A ridge (an elongated area) of high pressure that is building over Western Australia is expected to push Vince to the west and away from Australia this weekend. By Monday, Vince is forecast to move into cooler waters and weaken.

Text Credit: Rob Gutro
NASA Goddard Space Flight Center, Greenbelt, MD































January 13, 2011

Tropical Storm Vince No Threat to Land

Tropical Storm Vince seen by AIRS on Jan. 12 2011 › View larger image
This NASA infrared image of Tropical Storm Vince was taken on Jan. 12 at 0629 UTC (1:29 a.m. EST) from the AIRS instrument onboard NASA's Aqua satellite. The stronger thunderstorms are around its center (purple). Western Australia is seen in the lower right corner of the image.
Credit: NASA JPL, Ed Olsen
At 1500 UTC on January 13, Tropical Storm Vince had maximum sustained winds near 40 knots (46 mph) and was near 16.1 South and 110.6 East. That's about 435 nm north-northwest of Learmonth, Australia. Vince is moving east-southeastward at 11 knots (13 mph) and is becoming less organized. As a result of wind shear, convection has been displaced to the northwest of the center of circulation.

Vince is no currently no threat to land and is forecast to move in an easterly direction for a couple of days before turning back to the west.

Text Credit: Rob Gutro
NASA Goddard Space Flight Center, Greenbelt, MD










January 12, 2011

NASA's Aqua Satellite Sees Quick Formation of Tropical Storm Vince

Image of Tropical Storm Vince taken by AIRS on Jan. 12, 2011; the stronger thunderstorms are around its center (purple). › View larger image
This NASA infrared image of Tropical Storm Vince was taken on Jan. 12 at 0629 UTC (1:29 a.m. EST) from the AIRS instrument onboard NASA's Aqua satellite. The stronger thunderstorms are around its center (purple). Western Australia is seen in the lower right corner of the image.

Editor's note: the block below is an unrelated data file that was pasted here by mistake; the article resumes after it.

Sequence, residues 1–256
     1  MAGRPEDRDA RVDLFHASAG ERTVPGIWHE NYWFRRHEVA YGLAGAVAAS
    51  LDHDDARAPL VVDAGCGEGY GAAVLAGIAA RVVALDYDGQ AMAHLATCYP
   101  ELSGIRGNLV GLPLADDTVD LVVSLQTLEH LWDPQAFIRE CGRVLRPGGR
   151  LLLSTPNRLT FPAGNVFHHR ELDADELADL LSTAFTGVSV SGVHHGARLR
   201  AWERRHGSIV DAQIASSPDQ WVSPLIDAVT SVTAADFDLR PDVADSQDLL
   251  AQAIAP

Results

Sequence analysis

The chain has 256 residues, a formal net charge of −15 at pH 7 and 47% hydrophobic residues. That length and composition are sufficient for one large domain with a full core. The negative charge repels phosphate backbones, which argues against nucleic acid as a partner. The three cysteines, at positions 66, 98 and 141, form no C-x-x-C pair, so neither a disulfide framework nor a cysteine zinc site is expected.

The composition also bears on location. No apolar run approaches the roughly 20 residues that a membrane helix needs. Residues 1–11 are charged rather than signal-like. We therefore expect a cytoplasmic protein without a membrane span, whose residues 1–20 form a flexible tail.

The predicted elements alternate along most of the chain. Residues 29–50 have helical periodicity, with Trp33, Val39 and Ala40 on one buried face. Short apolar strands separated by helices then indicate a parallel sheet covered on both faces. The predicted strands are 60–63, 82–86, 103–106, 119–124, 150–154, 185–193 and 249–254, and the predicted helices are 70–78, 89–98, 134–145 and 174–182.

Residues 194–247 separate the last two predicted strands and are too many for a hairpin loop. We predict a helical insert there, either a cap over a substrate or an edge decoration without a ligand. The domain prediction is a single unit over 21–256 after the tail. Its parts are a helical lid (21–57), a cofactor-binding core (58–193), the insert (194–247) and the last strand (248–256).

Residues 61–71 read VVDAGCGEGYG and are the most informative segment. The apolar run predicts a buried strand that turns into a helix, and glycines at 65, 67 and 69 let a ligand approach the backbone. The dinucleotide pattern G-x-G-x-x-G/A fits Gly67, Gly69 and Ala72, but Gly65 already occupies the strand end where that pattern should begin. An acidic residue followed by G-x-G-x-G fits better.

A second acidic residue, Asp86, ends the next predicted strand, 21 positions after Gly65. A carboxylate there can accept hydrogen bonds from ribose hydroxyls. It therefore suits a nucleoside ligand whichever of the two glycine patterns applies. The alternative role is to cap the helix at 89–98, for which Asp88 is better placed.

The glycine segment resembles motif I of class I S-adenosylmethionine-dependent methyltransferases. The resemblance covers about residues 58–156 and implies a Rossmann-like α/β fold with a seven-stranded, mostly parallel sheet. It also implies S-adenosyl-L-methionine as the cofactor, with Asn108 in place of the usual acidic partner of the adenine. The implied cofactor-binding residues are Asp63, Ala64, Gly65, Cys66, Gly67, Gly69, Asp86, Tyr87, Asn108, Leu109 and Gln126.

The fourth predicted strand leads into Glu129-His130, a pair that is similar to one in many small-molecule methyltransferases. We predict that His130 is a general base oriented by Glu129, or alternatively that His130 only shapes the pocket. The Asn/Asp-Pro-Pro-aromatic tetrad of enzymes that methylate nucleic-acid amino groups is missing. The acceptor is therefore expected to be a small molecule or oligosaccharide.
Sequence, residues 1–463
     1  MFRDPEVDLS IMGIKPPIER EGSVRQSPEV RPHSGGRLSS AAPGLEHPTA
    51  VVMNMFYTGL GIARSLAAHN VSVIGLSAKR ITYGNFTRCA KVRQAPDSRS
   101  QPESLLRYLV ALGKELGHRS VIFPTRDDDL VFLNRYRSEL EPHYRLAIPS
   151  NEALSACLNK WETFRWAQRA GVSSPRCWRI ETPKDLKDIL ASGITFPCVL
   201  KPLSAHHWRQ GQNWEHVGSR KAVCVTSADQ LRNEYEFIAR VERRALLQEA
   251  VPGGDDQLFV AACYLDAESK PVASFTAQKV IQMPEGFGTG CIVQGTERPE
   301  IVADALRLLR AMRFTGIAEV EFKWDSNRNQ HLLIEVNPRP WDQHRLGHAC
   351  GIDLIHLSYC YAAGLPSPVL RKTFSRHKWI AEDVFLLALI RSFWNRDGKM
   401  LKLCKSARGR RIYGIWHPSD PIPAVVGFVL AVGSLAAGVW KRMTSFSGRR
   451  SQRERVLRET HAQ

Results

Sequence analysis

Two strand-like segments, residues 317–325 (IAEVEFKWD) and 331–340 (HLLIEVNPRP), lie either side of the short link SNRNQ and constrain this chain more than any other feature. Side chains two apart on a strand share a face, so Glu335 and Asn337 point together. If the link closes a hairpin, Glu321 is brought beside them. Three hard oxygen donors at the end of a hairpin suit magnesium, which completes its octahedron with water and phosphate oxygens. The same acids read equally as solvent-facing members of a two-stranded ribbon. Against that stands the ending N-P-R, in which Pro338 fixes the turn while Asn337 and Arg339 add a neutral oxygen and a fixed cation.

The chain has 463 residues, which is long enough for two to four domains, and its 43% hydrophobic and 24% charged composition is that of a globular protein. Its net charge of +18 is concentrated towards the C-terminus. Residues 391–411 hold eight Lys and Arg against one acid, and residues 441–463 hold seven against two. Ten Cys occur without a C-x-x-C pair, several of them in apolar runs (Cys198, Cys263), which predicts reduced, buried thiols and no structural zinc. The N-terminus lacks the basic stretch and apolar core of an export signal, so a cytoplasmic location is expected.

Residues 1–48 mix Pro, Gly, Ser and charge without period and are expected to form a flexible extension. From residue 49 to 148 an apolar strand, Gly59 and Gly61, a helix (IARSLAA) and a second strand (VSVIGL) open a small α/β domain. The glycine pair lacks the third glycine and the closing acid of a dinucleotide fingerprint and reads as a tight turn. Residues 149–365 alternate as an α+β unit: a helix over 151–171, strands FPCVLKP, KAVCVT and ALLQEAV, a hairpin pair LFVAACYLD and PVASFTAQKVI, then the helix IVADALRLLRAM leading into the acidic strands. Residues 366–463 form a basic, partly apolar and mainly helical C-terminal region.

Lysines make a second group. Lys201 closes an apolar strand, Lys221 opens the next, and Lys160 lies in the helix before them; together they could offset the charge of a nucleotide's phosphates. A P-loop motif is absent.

Credit: NASA/JPL, Ed Olsen
Tropical Storm Vince was a low pressure are in the Southern Indian Ocean yesterday and today has blown up into a tropical storm. NASA's Aqua satellite passed over Vince and captured some strong thunderstorms surrounding its center, reinforcing its quick intensification.

Vince developed quickly from a low pressure area into the sixth tropical depression in the Southern Indian Ocean cyclone season.

When the Aqua satellite passed over Tropical Storm Vince on Jan. 12 at 0629 UTC (1:29 a.m. EST), the Atmospheric Infrared Sounder (AIRS) instrument captured an infrared image of its cloudtops and revealed some very cold, high thunderstorm cloud-tops. The image showed a circular area of high, strong thunderstorms around the center of Vince's circulation. Those highest, strongest thunderstorms have cloud top temperatures as cold as or colder than 220 Kelvin or minus 63 degrees Fahrenheit (F).

At 1500 UTC (10 a.m. EST) on Jan. 12, Tropical Storm Vince had maximum sustained winds near 46 mph (74 km/hr). It was about 540 miles northwest of Learmonth, Western Australia, near 15.1 South and 108.3 East. Vince was moving east-southeast near 8 mph (12 km/hr). Vince is creating waves as high as 16 feet (~5 meters).

The Joint Typhoon Warning Center expects Vince to continue intensifying and curve away to the west over the next couple of days without affecting mainland Australia.

Text Credit: Rob Gutro
NASA Goddard Space Flight Center, Greenbelt, MD